Its time for the second annual Google Science Fair. Last year over 10,000 students submitted 7,500 entries from 90 countries from around the globe. The 2011 winner, American Shree Bose, discovered a way to prevent cancer cells from becoming resistant to the chemotherapy drug, cisplatin. With such amazing entries last year everyone is waiting in excited anticipation for this years entries to start rolling in.

This year Google  has partnered with CERN, The LEGO Group, National Geographic and Scientific American. Together they are striving to make the fair even more global then last year. Google Science Fair 2012 can now accept submissions in 13 languages (Arabic, Chinese, Dutch, English, French, German, Hebrew, Italian, Japanese, Korean, Polish, Spanish and Russia). Google plans to recognize 90 regional finalists (30 from the Americas, 30 from the Asia Pacific and 30 from Europe/Middle East/Africa). From those 90 finalists (to be announced in May) 15 will be selected to present their projects live at Google headquarters in Mountain View, California on July 23, 2012, before an international panel of distinguished judges. Winners will be selected in each age category (13-14, 15-16, 17-18) as well as an overall winner.

Scientific American has signed on as a partner this year. Inspired by 2011 finalist Harine Ravichandran’s project, which attempted to solve energy surges in rural villages, the magazine has added an additional award to this years competition. The Scientific American Science in Action award recognize an outstanding project that addresses a social, environmental or health need to make a difference in the lives of a group or community. The winner will also join the 15 finalists at the finals, earn $50,000 and year-long mentorship to make their project goal a reality.

Science fair season might be over for you, or it might be just beginning, all it takes is one moment of curiosity to create the perfect project. So how do you enter? What are the rules? Here is just the basics.

  • Entries accepted online from January 12 until Sunday, April 1 at 11:59pm GMT.
  • Entrants must be between 13-18 years old and have parental consent.
  • Full rules can be found on the Google Science Fair website.
Prizes include (but are not limited to):
  • $50,000 college scholarship from Google
  • a 10-day trip to the Galapagos Islands with a National Geographic Explorer
  • an internship at Google or any one of our partners
  • a personal Lego color mosaic and Lego Mindstorm set signed by the design team, the CEO and the owner of LEGO
Winning the Google Science Fair has turned regular high school kids into scientific celebrities over the last year. All of their hard work was finally over, but these teens never rested on their laurels, Shree Bose, Naomi Shah and Lauren Hodge met with President Obama, were invited to speak at massive events like TEDx Women and were featured in Wired magazine. Shree, the grand prize winner, was named one of Glamour magazine’s 21 Amazing Young Women of the Year.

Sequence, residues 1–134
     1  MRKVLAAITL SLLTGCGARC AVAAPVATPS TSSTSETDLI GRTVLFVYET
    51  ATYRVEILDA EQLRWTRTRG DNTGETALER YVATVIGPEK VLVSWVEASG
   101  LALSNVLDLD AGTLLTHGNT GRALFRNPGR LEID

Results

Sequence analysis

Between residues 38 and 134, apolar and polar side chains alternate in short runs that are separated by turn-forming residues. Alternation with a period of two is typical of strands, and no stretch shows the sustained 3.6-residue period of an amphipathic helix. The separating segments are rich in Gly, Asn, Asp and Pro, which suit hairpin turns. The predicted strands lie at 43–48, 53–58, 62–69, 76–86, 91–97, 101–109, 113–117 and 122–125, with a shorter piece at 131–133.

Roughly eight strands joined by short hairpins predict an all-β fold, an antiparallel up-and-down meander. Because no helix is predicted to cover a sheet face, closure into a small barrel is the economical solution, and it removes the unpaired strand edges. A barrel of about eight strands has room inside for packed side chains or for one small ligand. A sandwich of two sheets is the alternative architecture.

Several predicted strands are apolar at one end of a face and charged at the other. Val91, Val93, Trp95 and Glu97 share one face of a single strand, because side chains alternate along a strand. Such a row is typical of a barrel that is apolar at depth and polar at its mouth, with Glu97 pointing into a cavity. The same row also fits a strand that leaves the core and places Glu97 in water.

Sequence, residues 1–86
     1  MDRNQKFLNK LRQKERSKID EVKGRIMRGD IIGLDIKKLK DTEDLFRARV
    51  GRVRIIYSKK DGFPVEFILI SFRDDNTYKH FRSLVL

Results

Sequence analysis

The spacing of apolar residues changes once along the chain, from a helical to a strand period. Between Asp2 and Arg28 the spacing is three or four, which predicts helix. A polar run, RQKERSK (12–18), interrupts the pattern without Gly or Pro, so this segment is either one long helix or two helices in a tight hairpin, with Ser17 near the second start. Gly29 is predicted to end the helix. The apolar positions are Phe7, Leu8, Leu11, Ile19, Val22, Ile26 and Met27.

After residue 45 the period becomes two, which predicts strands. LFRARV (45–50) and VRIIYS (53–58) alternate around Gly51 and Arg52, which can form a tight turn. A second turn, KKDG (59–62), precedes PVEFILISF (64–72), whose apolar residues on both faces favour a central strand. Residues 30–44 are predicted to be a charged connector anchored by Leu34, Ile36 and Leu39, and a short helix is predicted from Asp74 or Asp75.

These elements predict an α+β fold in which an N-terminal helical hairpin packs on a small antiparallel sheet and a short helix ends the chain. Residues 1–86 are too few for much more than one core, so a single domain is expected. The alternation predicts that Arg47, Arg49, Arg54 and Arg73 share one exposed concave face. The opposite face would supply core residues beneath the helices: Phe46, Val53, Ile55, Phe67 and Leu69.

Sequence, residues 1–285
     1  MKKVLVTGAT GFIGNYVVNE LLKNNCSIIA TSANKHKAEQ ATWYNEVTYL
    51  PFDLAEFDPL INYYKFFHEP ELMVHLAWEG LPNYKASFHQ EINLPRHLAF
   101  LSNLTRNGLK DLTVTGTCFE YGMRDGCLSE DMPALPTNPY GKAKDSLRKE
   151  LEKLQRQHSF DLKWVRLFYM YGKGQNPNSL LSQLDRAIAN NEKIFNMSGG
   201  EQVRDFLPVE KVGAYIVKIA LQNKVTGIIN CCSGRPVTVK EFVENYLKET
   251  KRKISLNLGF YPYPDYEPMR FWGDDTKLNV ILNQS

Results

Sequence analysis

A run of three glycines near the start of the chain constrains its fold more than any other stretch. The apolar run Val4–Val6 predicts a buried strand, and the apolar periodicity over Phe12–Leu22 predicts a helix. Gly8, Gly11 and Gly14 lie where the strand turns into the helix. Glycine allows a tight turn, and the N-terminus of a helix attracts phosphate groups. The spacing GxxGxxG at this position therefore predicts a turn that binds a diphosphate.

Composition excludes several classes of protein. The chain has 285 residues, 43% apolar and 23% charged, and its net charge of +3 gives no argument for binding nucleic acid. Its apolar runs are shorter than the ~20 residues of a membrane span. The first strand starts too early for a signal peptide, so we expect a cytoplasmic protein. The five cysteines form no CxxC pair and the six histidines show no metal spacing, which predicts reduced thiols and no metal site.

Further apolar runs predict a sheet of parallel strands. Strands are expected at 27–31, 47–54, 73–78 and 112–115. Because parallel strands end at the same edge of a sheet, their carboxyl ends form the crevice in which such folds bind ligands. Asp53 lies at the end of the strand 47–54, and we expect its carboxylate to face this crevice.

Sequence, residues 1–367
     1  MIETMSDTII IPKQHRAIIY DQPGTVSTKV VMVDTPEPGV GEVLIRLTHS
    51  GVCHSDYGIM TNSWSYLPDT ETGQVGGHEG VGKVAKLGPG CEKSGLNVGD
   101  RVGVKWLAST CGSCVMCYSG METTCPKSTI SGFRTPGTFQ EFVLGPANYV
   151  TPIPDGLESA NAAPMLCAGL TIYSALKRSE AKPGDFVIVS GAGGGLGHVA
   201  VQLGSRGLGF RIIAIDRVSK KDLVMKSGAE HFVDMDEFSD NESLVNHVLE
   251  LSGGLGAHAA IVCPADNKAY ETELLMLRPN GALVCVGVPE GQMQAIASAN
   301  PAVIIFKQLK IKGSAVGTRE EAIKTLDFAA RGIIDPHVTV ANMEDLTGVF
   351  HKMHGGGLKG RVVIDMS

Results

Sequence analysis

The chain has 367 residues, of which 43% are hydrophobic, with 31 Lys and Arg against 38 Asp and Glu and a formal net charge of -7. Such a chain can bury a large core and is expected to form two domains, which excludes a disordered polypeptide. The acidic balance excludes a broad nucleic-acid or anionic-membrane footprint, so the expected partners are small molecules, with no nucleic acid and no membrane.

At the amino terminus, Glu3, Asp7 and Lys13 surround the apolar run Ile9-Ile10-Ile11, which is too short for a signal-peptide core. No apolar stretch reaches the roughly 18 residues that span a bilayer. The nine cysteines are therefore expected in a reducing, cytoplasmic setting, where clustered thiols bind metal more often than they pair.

Every GeekMom knows that a great project starts with a great question. What’s yours?
Let us at GeekMom know if you or your child are submitting an entry so that we can stand in the background and cheer you on, or contact us if you are interested in some expert advice. We would love to be part of the proud moms who can say “We knew him/her when…”.

The GeekMoms Podcast #10 Science Fairs

The season of the school science fair is fast approaching.  How do you pick a project? How much should you help your kids? And when do you put on the brakes and keep them from accidentally blowing up the neighborhood?  Nicole Wakelin is joined by fellow GeekMoms and science aficionados Patricia Vollmer and Helene McLaughlin to help guide you, and your child, in the right direction.

Nicole: Twitter and Total Fan Girl
Patricia: Twitter and Ground Control to Major Mom
Helene: Twitter and Lady Astrid’s Laboratory
Music: Rebecca Angel

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Comments, questions, suggestions? Email podcast@geekmom.com.

 

The GeekMoms Podcast #8: GeekDad Ken Denmead Interview and Encouraging Kids in Music

First up is an interview with Ken Denmead, Editor and Publisher of  GeekDad.com and Publisher of GeekMom.com about his latest book The Geek Dad Book  for Aspiring Mad Scientists. Then Nicole Wakelin is joined by GeekMom Rebecca Angel who  wrote the show’s theme music!  She talks about how to encourage kids in their  musical explorations and how it’s never too late to give music a try.

Questions?  Thoughts? Suggestions? Email us podcast@geekmom.com

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Nicole Wakelin: TotalFanGirl and Twitter
Rebecca Angel: Website and Facebook

 

Review:The Geek Dad Book For Aspiring Mad Scientists by Ken Denmead